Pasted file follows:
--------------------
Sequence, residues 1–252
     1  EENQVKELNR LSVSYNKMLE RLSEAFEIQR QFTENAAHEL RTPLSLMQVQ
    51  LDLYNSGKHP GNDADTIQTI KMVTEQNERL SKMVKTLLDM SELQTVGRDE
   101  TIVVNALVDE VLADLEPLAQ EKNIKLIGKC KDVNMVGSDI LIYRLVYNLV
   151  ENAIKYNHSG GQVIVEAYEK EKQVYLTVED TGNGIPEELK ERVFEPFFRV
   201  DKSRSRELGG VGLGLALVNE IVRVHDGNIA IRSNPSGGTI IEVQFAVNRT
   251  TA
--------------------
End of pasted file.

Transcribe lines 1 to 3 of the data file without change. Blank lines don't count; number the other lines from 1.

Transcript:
Sequence, residues 1–252
     1  EENQVKELNR LSVSYNKMLE RLSEAFEIQR QFTENAAHEL RTPLSLMQVQ
    51  LDLYNSGKHP GNDADTIQTI KMVTEQNERL SKMVKTLLDM SELQTVGRDE